By Kirk McCarley,
“Where there is no vision, the people perish.” Proverbs 29: 18
“If you don’t know where you’re going, you’ll end up someplace else.” Yogi Berra
“Where do you see yourself in five years?” is a standard interview question straight from the Human Resources Department manual. Though often asked, it was in my experience surprising the frequency with which the response was either void of aspiration or worse, fully lacked foresight.
“To find a job where I won’t be laid off.”
“I need to pay my bills.”
Or on occasion, “That’s a really good question, I need to think about it.”
Granted, during periods of tight employment where jobs are precious, stable positions with decent benefits are attractive to any of those who have weathered job loss. Still, whether it pertains to career, health, finances, or relationships vision and mission are essential navigational tools for success.
Vision describes a desired state. It can be for the present, but more often is a future want. Typically it is a “heart and soul” oriented inclination describing the essence of existence, especially as demonstrated by these organizations:
“To enrich people’s lives with programmes and services that inform, educate, and entertain.” BBC
“Helps people around the world save money and live better.” Walmart
Absent employment, financial, or compassion-oriented wishes, it is not uncommon for individuals to adopt their own personal vision.
“I imagine a future of contributing to better economic conditions for those in need.”
“I aim to one day find a life long partner with whom to share a lifetime of love to include having children and raising them to be responsible, contributing members to society.”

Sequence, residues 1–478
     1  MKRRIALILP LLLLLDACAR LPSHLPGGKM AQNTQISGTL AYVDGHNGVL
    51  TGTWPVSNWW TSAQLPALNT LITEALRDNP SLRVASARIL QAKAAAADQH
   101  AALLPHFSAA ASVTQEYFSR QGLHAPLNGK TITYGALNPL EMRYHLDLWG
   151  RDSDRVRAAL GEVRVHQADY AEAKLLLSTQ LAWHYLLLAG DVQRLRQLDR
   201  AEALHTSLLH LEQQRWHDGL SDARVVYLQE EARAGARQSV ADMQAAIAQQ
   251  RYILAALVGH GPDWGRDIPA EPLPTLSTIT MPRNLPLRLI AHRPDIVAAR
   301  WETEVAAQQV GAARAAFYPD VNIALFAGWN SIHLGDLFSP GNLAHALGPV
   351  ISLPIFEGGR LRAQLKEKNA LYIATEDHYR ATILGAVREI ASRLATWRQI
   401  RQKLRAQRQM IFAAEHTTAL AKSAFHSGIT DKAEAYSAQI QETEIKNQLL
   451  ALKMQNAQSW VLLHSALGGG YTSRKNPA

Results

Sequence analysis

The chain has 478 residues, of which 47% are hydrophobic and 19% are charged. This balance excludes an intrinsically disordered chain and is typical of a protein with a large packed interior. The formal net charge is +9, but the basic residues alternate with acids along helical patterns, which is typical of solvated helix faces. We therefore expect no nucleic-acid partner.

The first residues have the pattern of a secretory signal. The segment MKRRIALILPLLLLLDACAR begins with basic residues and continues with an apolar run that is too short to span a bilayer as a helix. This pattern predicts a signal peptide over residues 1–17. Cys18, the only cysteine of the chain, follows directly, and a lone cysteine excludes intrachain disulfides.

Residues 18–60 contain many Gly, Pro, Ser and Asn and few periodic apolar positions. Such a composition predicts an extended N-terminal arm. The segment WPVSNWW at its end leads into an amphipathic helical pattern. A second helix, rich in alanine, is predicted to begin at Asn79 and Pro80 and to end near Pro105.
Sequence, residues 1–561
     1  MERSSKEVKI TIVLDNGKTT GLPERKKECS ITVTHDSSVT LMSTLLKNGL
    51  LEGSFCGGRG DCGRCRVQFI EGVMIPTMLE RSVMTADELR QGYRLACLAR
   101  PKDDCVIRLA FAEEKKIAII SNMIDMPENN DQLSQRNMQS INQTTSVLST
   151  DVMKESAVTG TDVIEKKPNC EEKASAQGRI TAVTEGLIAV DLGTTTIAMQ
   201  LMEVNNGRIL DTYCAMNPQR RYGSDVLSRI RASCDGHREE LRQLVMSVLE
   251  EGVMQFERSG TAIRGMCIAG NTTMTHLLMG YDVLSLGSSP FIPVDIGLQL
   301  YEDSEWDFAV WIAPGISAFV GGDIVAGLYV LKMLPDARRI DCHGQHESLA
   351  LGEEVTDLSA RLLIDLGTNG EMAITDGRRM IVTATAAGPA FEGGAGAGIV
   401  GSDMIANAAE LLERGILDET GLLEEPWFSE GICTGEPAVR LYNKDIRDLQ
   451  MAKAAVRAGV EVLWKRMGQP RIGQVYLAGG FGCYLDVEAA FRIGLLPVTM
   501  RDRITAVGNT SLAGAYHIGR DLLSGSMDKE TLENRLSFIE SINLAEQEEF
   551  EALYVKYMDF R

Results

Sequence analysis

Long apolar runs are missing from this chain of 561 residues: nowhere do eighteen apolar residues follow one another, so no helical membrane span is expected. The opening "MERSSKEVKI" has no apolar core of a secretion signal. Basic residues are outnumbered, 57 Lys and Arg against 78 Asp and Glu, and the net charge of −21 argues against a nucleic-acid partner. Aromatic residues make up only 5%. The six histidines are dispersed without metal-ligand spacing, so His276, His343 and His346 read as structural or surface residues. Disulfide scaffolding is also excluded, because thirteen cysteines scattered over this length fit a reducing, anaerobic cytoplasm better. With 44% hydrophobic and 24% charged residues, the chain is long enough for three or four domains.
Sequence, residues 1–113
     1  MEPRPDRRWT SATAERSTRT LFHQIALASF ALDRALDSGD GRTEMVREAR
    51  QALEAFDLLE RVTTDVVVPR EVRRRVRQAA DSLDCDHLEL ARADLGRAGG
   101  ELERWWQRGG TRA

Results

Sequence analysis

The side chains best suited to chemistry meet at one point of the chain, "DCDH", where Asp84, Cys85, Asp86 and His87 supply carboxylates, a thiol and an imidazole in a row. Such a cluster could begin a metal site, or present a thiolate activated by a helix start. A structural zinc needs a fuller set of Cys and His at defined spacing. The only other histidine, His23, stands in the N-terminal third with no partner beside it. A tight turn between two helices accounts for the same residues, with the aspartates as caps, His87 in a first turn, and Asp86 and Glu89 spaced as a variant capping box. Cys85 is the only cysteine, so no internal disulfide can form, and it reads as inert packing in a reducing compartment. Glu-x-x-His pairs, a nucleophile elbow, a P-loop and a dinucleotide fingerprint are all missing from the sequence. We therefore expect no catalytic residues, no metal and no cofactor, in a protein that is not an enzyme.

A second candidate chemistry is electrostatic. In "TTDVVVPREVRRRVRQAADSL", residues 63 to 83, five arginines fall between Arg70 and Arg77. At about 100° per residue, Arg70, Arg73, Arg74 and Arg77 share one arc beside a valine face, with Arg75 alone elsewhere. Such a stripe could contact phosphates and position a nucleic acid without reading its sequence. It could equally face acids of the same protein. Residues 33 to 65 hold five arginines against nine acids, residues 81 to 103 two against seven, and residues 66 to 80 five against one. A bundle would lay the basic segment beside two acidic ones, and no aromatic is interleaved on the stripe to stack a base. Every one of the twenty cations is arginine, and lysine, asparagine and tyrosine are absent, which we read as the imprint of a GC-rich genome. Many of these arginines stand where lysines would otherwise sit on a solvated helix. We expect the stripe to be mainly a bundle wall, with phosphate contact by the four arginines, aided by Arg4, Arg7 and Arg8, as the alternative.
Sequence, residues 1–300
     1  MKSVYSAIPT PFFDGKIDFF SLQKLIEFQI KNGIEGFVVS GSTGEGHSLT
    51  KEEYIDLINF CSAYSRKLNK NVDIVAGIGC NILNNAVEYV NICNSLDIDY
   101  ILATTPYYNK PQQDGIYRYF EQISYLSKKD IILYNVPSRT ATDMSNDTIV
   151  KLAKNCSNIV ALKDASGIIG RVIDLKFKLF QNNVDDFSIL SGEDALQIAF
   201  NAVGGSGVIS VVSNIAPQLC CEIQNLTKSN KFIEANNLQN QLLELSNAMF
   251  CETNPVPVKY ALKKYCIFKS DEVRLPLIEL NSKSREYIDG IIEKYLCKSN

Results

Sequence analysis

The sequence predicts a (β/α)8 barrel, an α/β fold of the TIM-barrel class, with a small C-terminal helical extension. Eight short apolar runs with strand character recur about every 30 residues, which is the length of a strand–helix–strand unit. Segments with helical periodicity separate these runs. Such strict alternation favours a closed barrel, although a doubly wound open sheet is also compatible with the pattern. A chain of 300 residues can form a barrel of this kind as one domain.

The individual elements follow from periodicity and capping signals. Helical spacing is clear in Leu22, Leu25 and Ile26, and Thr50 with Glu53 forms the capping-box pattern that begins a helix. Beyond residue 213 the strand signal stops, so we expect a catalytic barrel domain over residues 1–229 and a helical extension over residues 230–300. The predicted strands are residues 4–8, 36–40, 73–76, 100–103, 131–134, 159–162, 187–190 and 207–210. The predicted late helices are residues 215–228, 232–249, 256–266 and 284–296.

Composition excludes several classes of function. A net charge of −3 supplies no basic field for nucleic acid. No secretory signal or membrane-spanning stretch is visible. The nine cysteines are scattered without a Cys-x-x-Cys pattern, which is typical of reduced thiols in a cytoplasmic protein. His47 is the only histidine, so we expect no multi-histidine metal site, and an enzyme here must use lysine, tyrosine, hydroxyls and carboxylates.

Do you have a vision for your life, business, or career or certain aspects of it? Is it current and applicable or does it need to be updated? After you’ve developed, revised, or reviewed your vision, you’re ready for a mission statement.
A mission narrows in on what a person or an organization endeavors to do, whether it be constructing a product, providing a service, or fulfilling a cause. Again, several well-recognized organizations have very succinct and targeted statements:
“Google’s mission is to organize the world’s information and make it universally accessible and useful.”
“We seek to be the world’s most customer-centric company for four primary customer sets: consumers, sellers, enterprises, and content creators.” Amazon
Even Jesus left his disciples with a mission:
“Therefore go and make disciples of all nations, baptizing them in the name of the Father and of the Son and of the Holy Spirit, and teaching them to obey everything I have commanded you.” Matthew 28: 19
Practically, why is a mission statement necessary?
- It determines direction.
- It focuses on the future.
- It provides a template for decision making.
- It forms the basis for alignment, especially for employees.
- It welcomes helpful change.
- It shapes strategy.
- It facilitates evaluation and improvement.
A Professional Coach can offer objective guidance to business owners, small proprietorships, or individuals looking for direction and focus. There is no better time than now, as we begin a new year, to plan and set course. Playwright Samuel Beckett described an alternative in his classic about two characters idling away in inaction.
“…Let us not waste our time in idle discourse!…Let us make the most of it before it is too late! Let us represent worthily for once the foul brood to which a cruel fate consigned us! What do you say?” Vladimir, “Waiting for Godot.”
Godot will come for each of us eventually. Until then, what’s your plan?